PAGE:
And while at this stage you can capitalize on your freshly learned insights by optimizing your efforts further. For example, you could improve your subscription rates – say, by asking more people to join and / or offering more benefits for membership. Or you could improve your production methods, which might include you scheduling one morning a month to sit down and write the darn thing in one go. Maybe use a small notebook (either electronic or physical) during the month to collect items of interest to make the production process even faster (my Evernote account does this for me).
All going well, after a few editions you will start to experience some positive changes to balance out all the extra work you’ve put in. Perhaps a client who hasn’t called for a while may do so after being prompted by reading a recent article. Or it could be that a prospect decides to buy sooner than you would expect – again because they have read and liked what you recently wrote. And perhaps even you will start to look at your business and the solutions you provide in a completely different light all because you have to write about it each month.
When you boil it all down to the underlying basics, email marketing is really just an easy way for you to communicate via email with your customers and prospects. It’s nothing more. And starting a short conversation with them each month, every month, on a subject that interests both you and them is quite handy, and a smart thing to control.
So once that first edition is out and about just do two more things. First – get a coffee, sit back and give yourself a “pat on the back” for a job well done. And secondly, send me a copy to have a look at – don’t worry I’ll be gentle – the fact that you have reached this first edition milestone is the real achievement.
Within every Great Online Marketer there is a McDonald’s Restaurateur Waiting to Get Out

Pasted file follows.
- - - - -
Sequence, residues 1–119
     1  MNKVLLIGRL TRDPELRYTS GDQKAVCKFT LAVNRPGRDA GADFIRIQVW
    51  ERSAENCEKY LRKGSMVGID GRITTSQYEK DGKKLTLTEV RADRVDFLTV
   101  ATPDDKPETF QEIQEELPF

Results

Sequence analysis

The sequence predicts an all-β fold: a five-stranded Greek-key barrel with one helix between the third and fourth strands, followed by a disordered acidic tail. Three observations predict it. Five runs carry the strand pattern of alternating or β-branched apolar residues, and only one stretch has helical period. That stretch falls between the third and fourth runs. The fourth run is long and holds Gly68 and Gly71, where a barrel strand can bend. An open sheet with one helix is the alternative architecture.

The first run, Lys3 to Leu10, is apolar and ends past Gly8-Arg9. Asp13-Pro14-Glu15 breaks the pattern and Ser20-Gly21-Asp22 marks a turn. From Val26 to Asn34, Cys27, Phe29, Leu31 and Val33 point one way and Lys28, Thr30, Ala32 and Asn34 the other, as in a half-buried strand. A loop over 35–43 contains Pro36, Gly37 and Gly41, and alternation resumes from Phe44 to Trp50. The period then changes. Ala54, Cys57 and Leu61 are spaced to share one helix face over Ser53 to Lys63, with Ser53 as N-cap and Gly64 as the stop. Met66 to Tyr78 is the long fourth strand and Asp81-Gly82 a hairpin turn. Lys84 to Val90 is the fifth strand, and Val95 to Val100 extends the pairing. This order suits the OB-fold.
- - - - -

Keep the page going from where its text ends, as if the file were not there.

It still amazes me how a bunch of pimply adolescents can successfully run a bustling burger store whether it is in Tokyo, Los Angeles or Masterton. Orders are correctly filled, fries are properly cooked and only a small proportion of the patrons are poisoned in the process! It’s a testament to the strength of the business system that supports McDonalds’s, which ensures that all this happens while a maelstrom of hormones are rushing through the place as fast as cars arrive in the drive through.
Of course, burgers are not the only products that survive on the strength of a great system. Car manufacturing has its own wonder system. For instance, Toyota is a worldwide practitioner of Kaizen (Japanese for continuous improvement). Each year tens of thousands of small improvements are made to their manufacturing process as a result of small changes being made under the Kaizen system. Some claim this is the main reason why they are the most profitable car manufacturer on the planet.
Great systems can produce great things, so how can we harness this theory for our own online marketing efforts?
Well, I think that Online Lead Generation is a sitter for a system or two. The obvious one would be the Kaizen approach to gradual improvement, but to make this work you need to have a complete system to start with. This is where a large proportion of lead-generation websites are lacking.
Each month we manage dozens of lead-generation websites on behalf of clients. Each site we look after has its own system of turning new website visitors into sales leads. Some of these lead-generation systems follow a path similar to one that others selling products of the same level of complexity have used before.
The rest use a process that is as unique to them as the markets they work within. Nevertheless, each has its own lead-generation methodology to follow that is built to attract, persuade and then nurture their online prospects.
Once a winning system such as this is established then our work follows the standard Kaizen formula of continuous improvement. Analytics tools tell us where any improvements can be found, while our testing tools allow us to deploy and monitor the success of any changes that are required. However, while any improvements to Toyota’s production line will be assessed in terms of reduced defects, the elimination of waste or the speeding up of production, our changes are aligned to just two goals – improving our customer’s lead quality and quantity.
This work of continuous improvement would fail miserably is there wasn’t a complete system to work with or, even worse, no system in place at all. Fortunately, not many new customers arrive at Permission with no system; however, most marketers have issues in developing a complete system. Yes, they will have a website and some idea of what they want it to do but, no, they haven’t fully documented the complete ‘system’ the website needs to follow to help them achieve their goals.